Miss. Senators Championed Efforts to Make Jackson Civil Rights Landmark Part of the National Park System
WASHINGTON – U.S. Senators Roger Wicker, R-Miss., and Cindy Hyde-Smith, R-Miss., today commended Senate passage of S. 47, “the Natural Resources Management Act,” which included a proposal authored by the senators to designate the Medgar and Myrlie Evers Home in Jackson as a national monument within the National Park System.
“With this vote, the Medgar and Myrlie Evers Home are one step closer to getting the national recognition and protection it deserves,” Wicker said. “I am hopeful Congress will send this legislation to the President’s desk without delay.”
“The Medgar and Myrlie Evers home have been integral in telling the story of this family’s pursuit of equality and justice during the civil rights movement. I look forward to the House of Representatives embracing this effort to honor the Evers and their work as part of Black History Month,” Hyde-Smith said.
Wicker and Hyde-Smith reintroduced their legislation in January in an effort to bring additional federal resources to the site. The national monument designation is reserved for sites of great cultural, historical, or natural significance to the United States. It provides permanent protection by Congress under the Antiquities Act.
The Evers home, acquired by Tougaloo College in 1993 and labeled a museum in 1997, is currently a designated Mississippi landmark under the State Antiquity Law and is also listed on the National Register of Historic Places.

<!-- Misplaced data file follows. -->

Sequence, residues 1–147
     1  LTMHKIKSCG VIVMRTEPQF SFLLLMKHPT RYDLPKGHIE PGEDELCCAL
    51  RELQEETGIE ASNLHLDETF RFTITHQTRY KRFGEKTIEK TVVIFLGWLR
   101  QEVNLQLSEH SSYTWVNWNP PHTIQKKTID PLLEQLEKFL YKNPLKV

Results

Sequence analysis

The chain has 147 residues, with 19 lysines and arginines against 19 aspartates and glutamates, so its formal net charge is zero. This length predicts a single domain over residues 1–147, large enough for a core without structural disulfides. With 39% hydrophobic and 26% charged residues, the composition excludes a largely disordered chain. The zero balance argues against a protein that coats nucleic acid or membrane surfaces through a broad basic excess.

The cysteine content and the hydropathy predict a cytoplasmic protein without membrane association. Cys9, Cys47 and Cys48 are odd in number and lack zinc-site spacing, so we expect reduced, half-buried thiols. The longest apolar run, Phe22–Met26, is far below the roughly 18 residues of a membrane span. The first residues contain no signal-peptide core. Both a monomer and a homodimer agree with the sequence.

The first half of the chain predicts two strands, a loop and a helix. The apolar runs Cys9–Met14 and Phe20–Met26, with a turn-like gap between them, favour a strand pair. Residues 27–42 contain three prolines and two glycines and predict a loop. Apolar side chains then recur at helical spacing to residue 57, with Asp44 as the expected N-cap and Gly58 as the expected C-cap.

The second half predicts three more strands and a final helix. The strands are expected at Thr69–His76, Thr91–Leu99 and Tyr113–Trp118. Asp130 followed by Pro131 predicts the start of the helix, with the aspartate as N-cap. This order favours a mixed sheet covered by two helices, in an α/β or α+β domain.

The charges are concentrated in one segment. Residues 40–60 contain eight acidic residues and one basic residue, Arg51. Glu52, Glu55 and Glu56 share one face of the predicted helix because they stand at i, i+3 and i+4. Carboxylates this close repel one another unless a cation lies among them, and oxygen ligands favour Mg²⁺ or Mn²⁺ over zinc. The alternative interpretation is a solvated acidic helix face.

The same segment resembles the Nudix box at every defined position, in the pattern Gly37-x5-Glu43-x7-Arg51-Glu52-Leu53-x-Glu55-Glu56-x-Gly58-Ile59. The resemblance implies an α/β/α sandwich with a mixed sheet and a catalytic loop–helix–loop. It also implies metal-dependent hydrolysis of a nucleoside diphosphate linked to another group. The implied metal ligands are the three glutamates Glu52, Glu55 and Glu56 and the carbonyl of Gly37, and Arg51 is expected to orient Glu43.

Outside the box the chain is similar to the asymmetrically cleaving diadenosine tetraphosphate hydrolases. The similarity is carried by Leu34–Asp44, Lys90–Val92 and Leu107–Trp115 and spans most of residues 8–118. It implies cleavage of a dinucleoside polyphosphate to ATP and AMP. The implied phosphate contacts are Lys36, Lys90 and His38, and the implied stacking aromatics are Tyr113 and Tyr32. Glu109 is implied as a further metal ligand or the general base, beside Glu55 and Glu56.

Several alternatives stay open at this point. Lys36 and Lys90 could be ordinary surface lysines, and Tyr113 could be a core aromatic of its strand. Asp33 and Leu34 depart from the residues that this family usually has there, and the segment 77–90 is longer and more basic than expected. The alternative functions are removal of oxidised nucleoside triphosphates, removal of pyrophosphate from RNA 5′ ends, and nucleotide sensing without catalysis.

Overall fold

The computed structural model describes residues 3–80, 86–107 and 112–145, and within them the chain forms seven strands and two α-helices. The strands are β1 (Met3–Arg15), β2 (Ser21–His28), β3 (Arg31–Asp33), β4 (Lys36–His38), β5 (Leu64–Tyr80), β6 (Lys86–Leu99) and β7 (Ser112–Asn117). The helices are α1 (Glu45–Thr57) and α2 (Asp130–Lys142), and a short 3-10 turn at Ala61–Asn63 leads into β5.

Medgar Evers House
The Medgar Evers House is a historic house museum at 2332 Margaret Walker Alexander Drive in Jackson, Mississippi. Built in 1956, it was the home of African-American civil rights activist Medgar Evers (1925-1963) at the time of his assassination. Now owned by Tougaloo College, the restored house is open for tours by appointment. It was designated a National Historic Landmark in 2017.
The house was purchased new by Medgar and Myrlie Evers in 1956 and remained their home until 1963. The Everses were both active civil rights activists and had for some time been specific targets of racist violence. They chose this house in part for features that improved its security: it was not on a corner lot, and its entrance under the carport provided better cover than a front door would. On May 28, 1963, a Molotov cocktail was thrown onto the carport. On June 11, 1963, Evers attended a meeting of civil rights groups in Jackson to formulate a response to actions taken by George Wallace, then Governor of Alabama, to prevent African-Americans from enrolling at the University of Alabama. Arriving home around midnight, Evers, standing in the carport, was shot by Byron de la Beckwith, using a sniper rifle from an undeveloped lot about 200 feet (61 m) away. The bullet passed through the house’s picture window, and through the wall between the living room and kitchen before coming to rest. Evers died early the next morning.
Myrlie Evers moved to California in 1964, continuing the civil rights crusade. She maintained ownership of the house for thirty years, using it as a rental property. She donated the property to Tougaloo College in 1993. The house underwent repairs and stabilization in 1995-96 and was restored to its appearance during the Evers residency in 2013.
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